The bill will be supported by Regulations, including new Operating Standards. The Operating Standards will include standards on the fitness and propriety of superannuation trustees and risk management plans and strategies. The Government will consult on the Operating Standards in the next few weeks.

There will be a two year licensing transition period from the date of commencement for existing trustees of regulated superannuation funds, approved deposit funds and pooled superannuation trusts. The reforms concerning licensing and registration do not apply to self-managed superannuation funds and exempt public sector superannuation schemes.

These reforms have been subject to extensive consultation and public scrutiny, both through the Superannuation Working Group and public exposure of a draft bill earlier this year. There is support within the industry for the reforms. The Government believes they will make a significant contribution to raising industry standards and sustaining high levels of public confidence in the superannuation system.

Trustee Licensing

While trustees of public offer funds currently must be approved by APRA, there is no universal licensing requirement for superannuation trustees.

This bill addresses this situation by providing for the licensing of all trustees of `registrable superannuation entities', which include superannuation funds, approved deposit funds and pooled superannuation trusts that are regulated by APRA.

From the commencement of the new licensing regime, all new trustees seeking to operate registrable superannuation entities will require licences. Existing trustees must obtain licences by the end of the two year licensing transition period in order to be allowed to continue operating their entities.

The new trustee licences, to be known as RSE Licences, will be subject to conditions, including requirements for trustees to meet minimum standards of fitness and propriety. Licensees will be required to maintain risk management strategies covering the licensee's operations and risk management plans for each fund under the licensee's control.

Importantly, APRA will be able to impose additional conditions on licences or issue directions to licensees. These powers will enable APRA to respond to specific prudential issues, before they can become actual risks to members' benefits.

Under the bill, groups of individual trustees will be allowed to collectively hold a single RSE licence, in the same way as directors of a body corporate.

A single licence will help to reduce the compliance burden on groups of individual trustees. In most cases, any member of a licensed group will be able to discharge the duties or obligations of the group on behalf of the other members.

At the same time, the bill ensures that each member of a trustee group takes responsibility for the performance of their obligations as a trustee of a superannuation fund, or as a member of a group of licensed trustees.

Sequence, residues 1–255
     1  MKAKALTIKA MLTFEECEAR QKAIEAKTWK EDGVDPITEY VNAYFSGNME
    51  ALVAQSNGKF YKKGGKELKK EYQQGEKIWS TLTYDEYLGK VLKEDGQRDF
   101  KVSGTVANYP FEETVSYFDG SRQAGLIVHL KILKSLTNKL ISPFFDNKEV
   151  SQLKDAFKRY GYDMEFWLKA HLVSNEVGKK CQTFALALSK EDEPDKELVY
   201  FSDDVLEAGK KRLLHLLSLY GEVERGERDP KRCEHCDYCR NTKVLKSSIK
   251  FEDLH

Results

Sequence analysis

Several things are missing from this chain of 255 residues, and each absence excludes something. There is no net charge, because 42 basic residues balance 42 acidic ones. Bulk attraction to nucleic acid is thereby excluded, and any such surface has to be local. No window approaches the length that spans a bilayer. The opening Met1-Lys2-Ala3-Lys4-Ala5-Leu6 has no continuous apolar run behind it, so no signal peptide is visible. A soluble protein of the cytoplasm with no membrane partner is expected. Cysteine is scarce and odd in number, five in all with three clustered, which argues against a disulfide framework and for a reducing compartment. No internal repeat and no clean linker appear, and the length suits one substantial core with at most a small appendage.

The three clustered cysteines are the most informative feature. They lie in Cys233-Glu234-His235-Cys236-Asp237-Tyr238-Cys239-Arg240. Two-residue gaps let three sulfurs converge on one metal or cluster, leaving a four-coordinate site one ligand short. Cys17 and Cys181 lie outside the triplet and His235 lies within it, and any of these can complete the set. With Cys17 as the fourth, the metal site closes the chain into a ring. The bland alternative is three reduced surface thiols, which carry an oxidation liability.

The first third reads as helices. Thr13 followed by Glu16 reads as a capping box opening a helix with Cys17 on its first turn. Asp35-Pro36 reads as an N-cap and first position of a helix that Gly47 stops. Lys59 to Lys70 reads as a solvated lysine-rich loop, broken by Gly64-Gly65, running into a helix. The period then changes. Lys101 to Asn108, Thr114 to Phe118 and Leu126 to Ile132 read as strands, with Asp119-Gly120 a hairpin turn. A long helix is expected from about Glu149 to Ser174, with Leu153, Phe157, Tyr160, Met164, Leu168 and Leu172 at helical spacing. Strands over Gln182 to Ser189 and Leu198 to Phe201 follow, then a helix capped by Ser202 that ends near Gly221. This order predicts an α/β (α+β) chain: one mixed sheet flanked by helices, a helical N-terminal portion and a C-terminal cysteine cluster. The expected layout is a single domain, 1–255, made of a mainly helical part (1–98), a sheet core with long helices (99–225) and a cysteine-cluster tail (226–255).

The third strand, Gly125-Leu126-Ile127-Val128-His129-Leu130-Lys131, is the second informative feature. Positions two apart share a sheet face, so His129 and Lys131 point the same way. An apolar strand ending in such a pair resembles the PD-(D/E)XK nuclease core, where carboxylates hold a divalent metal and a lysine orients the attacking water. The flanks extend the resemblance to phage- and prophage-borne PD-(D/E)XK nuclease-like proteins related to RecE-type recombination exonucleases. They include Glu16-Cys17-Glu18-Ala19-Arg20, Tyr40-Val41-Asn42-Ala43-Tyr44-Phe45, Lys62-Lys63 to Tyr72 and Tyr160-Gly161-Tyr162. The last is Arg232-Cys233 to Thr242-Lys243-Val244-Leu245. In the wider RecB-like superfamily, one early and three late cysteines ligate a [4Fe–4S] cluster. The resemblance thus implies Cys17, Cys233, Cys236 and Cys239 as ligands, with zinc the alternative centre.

The RSE licensing regime is supported by the introduction of new offence provisions. The most significant provision will make it an offence for a person to be the trustee of a registrable superannuation entity unless the person is a body corporate or a member of a group that holds an RSE licence. This will apply to new trustees from the date of commencement, and to existing trustees from the end of the licensing transition period.

At the end of the two year licensing transition period, the arrangements for approving trustees of public offer superannuation funds and approved deposit funds contained in Part 2 of the Superannuation Industry (Supervision) Act 1993 will be repealed. These arrangements will be superseded by the RSE licensing regime at that time.

The new licensing regime will mean that trustees must demonstrate they meet minimum standards of competence, possess adequate resourcing and have in place appropriate risk management procedures. With the introduction of this new framework, fund members can have the confidence that the people managing their retirement savings will have met these benchmarks.

Registering Entities

Under the bill, RSE Licensees must also register their registrable superannuation entities with APRA. Registration, along with the associated requirements for risk management plans, will ensure APRA can gain important information about the entities it regulates, the risks they face, and the processes in place to deal with those risks.

Failure to register registrable superannuation entities may lead to the cancellation of a licensee's RSE Licence. The Government also intends to make Regulations prohibiting registrable superannuation entities that are not registered from accepting contributions.

Risk management

As part of the licensing and registration requirements, RSE Licensees will be required develop and maintain risk management strategies governing the licensee's operations and risk management plans for each fund under the licensee's control. Risk management strategies and plans will help to ensure that trustees, and the entities that they manage, are well positioned to respond to risks to their operations.